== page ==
The same cannot be said for 1944's Double Indemnity, one of the best examples of film noir ever made. I won't describe much of the plot, since each twist is part of the fun, but Fred MacMurray and Barbara Stanwyck get entangled in a unique insurance scheme, which raises the suspicions of the great Edward G. Robinson.

Again, while surely some may disagree, what makes Wilder career so remarkable is that in addition to making one of the preeminent film noir classics, you can also argue that he made one of the best comedies (Some Like It Hot) and courtroom dramas (Witness for the Prosecution), as well as one of the best films about alcoholism (The Lost Weekend), Hollywood (Sunset Boulevard), journalism/media hype (Ace in the Hole), prisoners of war (Stalag 17) and two of the best about adultery (The Seven Year Itch and The Apartment).

The range and versatility to make vastly different films while retaining quality is not only what makes his canon a great starting point in exploring old movies, but what makes Billy Wilder somewhat analogous to The Beatles, Pablo Picasso, Frank Lloyd Wright and Stephen Sondheim as an artist whose talent transcended style/genre and whose brilliance is, in part, defined by the ability to transmogrify so impressively.

It also seems to me that Wilder's films were a bit ahead of their time in terms of their tone and themes. I should also note that, especially compared to many old black & white films, every Wilder movie I watched was acutely and smoothly entertaining. Many may have a hardened edge to them, but they are all easily digestible.

1945's The Lost Weekend deservedly won four Oscars (Best Picture, director, adapted screenplay and actor) as Ray Milland is outstanding as an unrepentant alcoholic, despite the valiant efforts of his wife (Jane Wyman) and brother (Phillip Terry).

Its look at the tenuous hold of reformation is particularly gripping, and still entirely relevant.

1950's Sunset Boulevard was nominated for 11 Oscars but won just 3--in writing, music and art direction. Yet the story of washed-up Hollywood starlet Norma Desmond (Gloria Swanson) and her live-in scribe/obsession Joe Gillis (William Holden) is likely regarded as Wilder's greatest critical success. In both of the American Film Institute's (AFI) lists of the 100 best American movies, Sunset Boulevard--which can be considered a film noir classic as well as one of the best movies ever made about movies--ranked among the top 16.

I had scant awareness of 1951's Ace in the Hole until I saw it a few months ago, but was amazed at how prescient--and still acute--it is in depicting how a media frenzy can fuel, well a media (and perhaps secondarily, public) frenzy.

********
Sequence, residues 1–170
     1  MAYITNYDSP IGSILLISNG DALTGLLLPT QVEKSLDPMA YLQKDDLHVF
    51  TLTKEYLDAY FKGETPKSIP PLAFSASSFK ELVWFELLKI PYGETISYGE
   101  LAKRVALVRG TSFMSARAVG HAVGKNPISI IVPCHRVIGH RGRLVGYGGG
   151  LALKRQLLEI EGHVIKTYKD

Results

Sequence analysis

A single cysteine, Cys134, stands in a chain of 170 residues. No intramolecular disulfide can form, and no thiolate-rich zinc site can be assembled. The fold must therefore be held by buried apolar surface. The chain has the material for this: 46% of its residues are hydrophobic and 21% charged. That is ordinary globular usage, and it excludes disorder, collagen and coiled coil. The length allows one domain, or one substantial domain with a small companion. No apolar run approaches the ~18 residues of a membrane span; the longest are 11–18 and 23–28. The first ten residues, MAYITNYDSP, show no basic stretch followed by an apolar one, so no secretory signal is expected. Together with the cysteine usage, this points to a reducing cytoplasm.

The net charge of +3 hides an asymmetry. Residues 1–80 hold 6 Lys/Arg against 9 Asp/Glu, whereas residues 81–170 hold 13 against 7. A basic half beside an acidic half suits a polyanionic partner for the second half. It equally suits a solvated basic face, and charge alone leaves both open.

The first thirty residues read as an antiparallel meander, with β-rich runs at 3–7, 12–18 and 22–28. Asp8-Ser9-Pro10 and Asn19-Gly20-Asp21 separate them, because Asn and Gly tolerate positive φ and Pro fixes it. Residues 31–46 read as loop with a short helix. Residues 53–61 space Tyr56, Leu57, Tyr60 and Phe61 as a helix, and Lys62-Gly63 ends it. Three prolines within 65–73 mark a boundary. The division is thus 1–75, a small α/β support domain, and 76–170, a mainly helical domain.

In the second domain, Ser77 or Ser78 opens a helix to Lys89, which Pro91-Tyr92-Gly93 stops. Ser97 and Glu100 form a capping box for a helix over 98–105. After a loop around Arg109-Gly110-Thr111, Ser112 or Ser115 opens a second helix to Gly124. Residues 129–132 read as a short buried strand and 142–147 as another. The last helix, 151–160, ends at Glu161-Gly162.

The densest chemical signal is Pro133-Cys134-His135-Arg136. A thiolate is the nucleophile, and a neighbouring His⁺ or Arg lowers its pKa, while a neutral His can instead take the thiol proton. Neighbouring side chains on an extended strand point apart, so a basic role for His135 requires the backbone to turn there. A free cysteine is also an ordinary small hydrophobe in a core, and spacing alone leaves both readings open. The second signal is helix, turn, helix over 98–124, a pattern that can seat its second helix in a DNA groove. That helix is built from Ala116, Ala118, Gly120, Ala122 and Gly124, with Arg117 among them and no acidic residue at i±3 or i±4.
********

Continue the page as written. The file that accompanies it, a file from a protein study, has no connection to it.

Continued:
Kirk Douglas is terrific as a disgraced New York reporter who winds up having to beg for a job at an Albuquerque newspaper. His coverage of a man trapped in a collapsed cave brings tourists out in hordes, and with it plenty of questions about journalistic ethics and humanistic morality.

Perhaps due to its cynicism, Ace in the Hole was a critical and commercial flop upon its release, but I give it @@@@@, which is even a half-star more than its AllMovie rating.

1953's Stalag 17 is just as good. A precursor to Hogan's Heroes and conceivably M*A*S*H, the film deals with American airmen holed up in a Nazi prisoner-of-war camp (a.k.a. stalag). William Holden won the Best Actor Oscar for his role, but a strong ensemble cast makes the film--part comedy, part war movie, part suspense thriller--truly outstanding.

Coming after Sunset, Ace and Stalag, the romantic comedies (or some combination thereof) Sabrina (1954), The Seven Year Itch (1955), Love in the Afternoon (1957) and Some Like It Hot (1959) are all lighter fare, but each has its charms including Audrey Hepburn (in Sabrina and Love in the Afternoon) and Marilyn Monroe in the other two.

With its love triangle between Hepburn, Humphrey Bogart and William Holden, Sabrina makes great use of all three of its stars, and while Audrey's pairing with Gary Cooper in Love in the Afternoon isn't nearly as delectable, she's fun to watch, as is Maurice Chevalier as her father, a private detective investigating inveterate playboy Cooper, with whom the virginal Hepburn becomes quite smitten.